One of the greatest center’s in the history of the Holy Name summer league, Danny Mahoney, mentioned Noona Taylor in the comments section a few days ago. Mahoney swatted away more shots than any player ever! Only problem is they didn’t keep blocked shots as an official stat in the summer league.
The wonderful story-telling Pat Fenton has written about Taylor in his short-stories/essays on Windsor Terrace.
The ever friendly Denis Hamill discussing in a NY Daily News article how his older brother, the great Pete Hamill describing to him Noona’s legendary toughness along with his two-hour fist fight with Ray Grillo.
According to my older brother Pete, two classic fistfights between Noona Taylor of the Tigers and Ray Grillo of South Brooklyn, lasted at least 20 brutal minutes each, with no timeouts, just pure bare-knuckle brawls. Both fights ended when cops arrived.
I used to see Noona every weekend down at Timboo’s bar on the corner of 11th street and 5th avenue. It seemed like every bar had their own crews; Timboo’s, Tug Boat, Gerard’s, Farrell’s, Windsor Pub, McBears, Lauterbach’s and Smith’s.
Noona was the uncle of the late Joe ‘Fonz’ Farrell. Fonz was my 6th grade baseball and basketball coach at Holy Name. I can remember Fonz talking about Noona when I would tell him I was going down to Timboo’s.
“My uncle hangs out down there,” he would say to me.
Pete Hamill’s description of a fist fight in May of 1950 between Noona and Ray Grillo in Prospect Park brought back memories of when I was a kid hanging out with the Gooch in Timboo’s.
“Two of the neighborhood’s toughest,” my friend Phil McNiff told me. “Those two legends have passed on.”
That must have been some fight between the two brawlers.
Noona, who worked as a Steamfitter was a member of the gang “The Tigers” and Grillo, a Local 40 Ironworker was down with the “South Brooklyn Boys.”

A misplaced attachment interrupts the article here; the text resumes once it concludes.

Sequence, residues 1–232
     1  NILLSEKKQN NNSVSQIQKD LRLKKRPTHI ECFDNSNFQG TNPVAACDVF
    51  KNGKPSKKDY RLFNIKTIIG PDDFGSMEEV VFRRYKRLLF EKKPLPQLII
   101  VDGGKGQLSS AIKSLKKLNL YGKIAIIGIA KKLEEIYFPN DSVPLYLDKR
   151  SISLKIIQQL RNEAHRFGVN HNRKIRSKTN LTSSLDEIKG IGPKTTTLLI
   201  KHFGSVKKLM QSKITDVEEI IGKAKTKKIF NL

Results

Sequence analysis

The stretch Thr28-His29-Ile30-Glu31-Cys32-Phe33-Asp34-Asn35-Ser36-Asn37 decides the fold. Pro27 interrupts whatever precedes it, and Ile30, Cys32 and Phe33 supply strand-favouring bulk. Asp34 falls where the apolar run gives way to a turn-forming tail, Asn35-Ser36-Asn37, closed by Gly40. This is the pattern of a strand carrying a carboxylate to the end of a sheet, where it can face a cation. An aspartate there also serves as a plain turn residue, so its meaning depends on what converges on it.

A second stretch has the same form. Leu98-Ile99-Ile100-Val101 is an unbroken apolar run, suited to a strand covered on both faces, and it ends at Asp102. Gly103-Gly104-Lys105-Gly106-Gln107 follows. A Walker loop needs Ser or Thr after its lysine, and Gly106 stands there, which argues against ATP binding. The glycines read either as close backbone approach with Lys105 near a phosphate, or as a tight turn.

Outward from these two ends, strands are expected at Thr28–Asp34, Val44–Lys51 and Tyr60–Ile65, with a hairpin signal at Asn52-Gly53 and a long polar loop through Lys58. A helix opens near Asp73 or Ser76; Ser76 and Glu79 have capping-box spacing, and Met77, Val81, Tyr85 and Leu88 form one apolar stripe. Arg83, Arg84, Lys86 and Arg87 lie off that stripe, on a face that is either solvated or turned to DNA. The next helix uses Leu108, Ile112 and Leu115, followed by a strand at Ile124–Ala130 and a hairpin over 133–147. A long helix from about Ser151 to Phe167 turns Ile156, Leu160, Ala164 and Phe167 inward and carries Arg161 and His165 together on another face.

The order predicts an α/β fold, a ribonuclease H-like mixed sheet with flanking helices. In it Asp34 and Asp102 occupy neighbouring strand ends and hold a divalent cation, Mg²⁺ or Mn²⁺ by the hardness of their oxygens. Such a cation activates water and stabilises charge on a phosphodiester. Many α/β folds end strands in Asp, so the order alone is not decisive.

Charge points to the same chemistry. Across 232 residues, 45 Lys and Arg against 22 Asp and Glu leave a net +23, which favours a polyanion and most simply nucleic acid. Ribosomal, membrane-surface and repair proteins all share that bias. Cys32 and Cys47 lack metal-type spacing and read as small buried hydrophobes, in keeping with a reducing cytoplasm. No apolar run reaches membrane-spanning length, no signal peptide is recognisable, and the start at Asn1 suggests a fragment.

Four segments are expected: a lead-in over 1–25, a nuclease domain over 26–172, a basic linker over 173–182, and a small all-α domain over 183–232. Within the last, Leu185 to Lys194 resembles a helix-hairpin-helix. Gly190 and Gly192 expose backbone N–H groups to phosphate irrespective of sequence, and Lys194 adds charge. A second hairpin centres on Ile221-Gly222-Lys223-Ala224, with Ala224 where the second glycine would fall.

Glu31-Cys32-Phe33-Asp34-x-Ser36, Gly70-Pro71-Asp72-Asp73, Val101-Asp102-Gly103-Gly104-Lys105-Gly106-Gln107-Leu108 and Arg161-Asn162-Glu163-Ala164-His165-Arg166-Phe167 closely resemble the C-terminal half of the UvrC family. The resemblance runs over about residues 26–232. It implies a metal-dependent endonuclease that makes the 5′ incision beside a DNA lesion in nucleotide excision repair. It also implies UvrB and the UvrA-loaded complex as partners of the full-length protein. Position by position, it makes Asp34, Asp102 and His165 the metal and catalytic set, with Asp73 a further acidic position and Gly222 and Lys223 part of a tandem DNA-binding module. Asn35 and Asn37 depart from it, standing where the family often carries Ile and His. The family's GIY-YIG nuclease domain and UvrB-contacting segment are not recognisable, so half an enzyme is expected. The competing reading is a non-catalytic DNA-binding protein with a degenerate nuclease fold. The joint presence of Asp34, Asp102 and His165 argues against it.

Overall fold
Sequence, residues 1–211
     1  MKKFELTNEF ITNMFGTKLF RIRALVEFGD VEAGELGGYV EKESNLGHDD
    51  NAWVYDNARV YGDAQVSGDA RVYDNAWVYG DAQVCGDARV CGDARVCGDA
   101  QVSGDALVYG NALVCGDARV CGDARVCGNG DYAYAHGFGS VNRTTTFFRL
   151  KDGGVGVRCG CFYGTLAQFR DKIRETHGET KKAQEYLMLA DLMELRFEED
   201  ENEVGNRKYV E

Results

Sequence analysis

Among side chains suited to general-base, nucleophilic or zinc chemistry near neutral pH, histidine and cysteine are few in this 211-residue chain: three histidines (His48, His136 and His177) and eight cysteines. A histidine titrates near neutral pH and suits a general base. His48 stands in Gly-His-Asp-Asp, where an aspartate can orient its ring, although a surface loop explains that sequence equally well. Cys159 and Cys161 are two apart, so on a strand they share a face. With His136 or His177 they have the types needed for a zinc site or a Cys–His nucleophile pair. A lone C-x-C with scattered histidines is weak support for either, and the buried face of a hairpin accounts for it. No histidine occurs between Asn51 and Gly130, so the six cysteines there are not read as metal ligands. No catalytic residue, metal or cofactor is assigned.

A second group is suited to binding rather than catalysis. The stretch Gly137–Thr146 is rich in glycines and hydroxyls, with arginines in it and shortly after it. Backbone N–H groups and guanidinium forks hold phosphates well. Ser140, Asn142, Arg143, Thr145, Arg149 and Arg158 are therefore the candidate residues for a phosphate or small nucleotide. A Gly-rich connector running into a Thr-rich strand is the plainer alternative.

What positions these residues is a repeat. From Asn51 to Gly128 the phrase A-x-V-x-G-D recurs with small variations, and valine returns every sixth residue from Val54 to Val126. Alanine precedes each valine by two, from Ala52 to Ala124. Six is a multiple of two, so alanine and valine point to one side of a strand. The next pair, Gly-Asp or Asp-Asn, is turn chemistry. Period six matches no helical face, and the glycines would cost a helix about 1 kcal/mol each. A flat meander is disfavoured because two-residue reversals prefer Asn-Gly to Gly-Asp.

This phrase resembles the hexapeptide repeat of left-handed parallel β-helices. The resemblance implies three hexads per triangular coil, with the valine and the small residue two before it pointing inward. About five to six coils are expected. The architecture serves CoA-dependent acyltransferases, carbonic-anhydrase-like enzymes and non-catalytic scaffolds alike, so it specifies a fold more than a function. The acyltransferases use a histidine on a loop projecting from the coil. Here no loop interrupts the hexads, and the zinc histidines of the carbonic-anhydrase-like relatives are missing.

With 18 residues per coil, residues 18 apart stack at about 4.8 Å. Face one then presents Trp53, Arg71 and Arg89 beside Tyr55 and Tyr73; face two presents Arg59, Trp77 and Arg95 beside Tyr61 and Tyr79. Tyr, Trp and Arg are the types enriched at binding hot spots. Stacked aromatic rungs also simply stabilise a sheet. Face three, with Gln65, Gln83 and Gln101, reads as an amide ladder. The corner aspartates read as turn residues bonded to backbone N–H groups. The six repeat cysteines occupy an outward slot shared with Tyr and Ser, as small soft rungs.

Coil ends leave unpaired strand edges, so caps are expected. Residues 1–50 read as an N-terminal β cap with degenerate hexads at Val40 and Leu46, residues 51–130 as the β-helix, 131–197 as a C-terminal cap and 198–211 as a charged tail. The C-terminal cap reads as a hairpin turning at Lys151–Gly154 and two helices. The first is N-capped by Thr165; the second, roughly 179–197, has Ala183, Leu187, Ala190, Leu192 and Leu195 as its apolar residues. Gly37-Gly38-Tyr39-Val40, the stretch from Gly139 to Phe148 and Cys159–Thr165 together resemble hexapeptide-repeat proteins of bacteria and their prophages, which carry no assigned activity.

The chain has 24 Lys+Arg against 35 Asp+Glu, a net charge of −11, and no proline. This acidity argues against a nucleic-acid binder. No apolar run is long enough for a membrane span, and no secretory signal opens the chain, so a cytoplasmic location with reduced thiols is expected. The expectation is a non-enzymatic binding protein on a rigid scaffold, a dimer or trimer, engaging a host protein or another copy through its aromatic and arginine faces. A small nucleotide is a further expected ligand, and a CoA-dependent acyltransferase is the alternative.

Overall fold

Hamill said the fight lasted 20 minutes, before the cops showed up and stopped it.
In my early 20’s while I was trying to find my niche as an Ironworker, I worked with Ray’s son. He was a great guy, he gave me a ride home a couple of times after work in a sweet Nova. Often times I would see Ray on the corner of 11th street and 5th avenue hanging out with his dark khaki’s, short sleeve dress shirt and a sweet looking pork-pie hat.
I’d be remiss if I didn’t mention his folded up newspaper sticking out of his back pocket.
What many people don’t realize is Ray was an undefeated light-heavyweight boxer back in 1954 and 1955 with a record of 10-0!
My guy Phil McNiff passed this story along to me back when he was a nine year-old boy.
My mother was taking me and my sister for Chinese food on 9th Street, Sun Joy! Ray was walking down the block and we were walking up the block when two sailors started giving my mother a hard time. Ray walked over to my mother and said, “Peggy take the two kids and walk up the block”. I remember looking back, being curious; Ray had knocked the two sailors out cold! We talked about that for years! Ray was a man of very few words but plenty of action.As tough as Ray was he was a gentleman as was Noona!
Noona Taylor and Ray Grillo were two guys you didn’t want to mess with…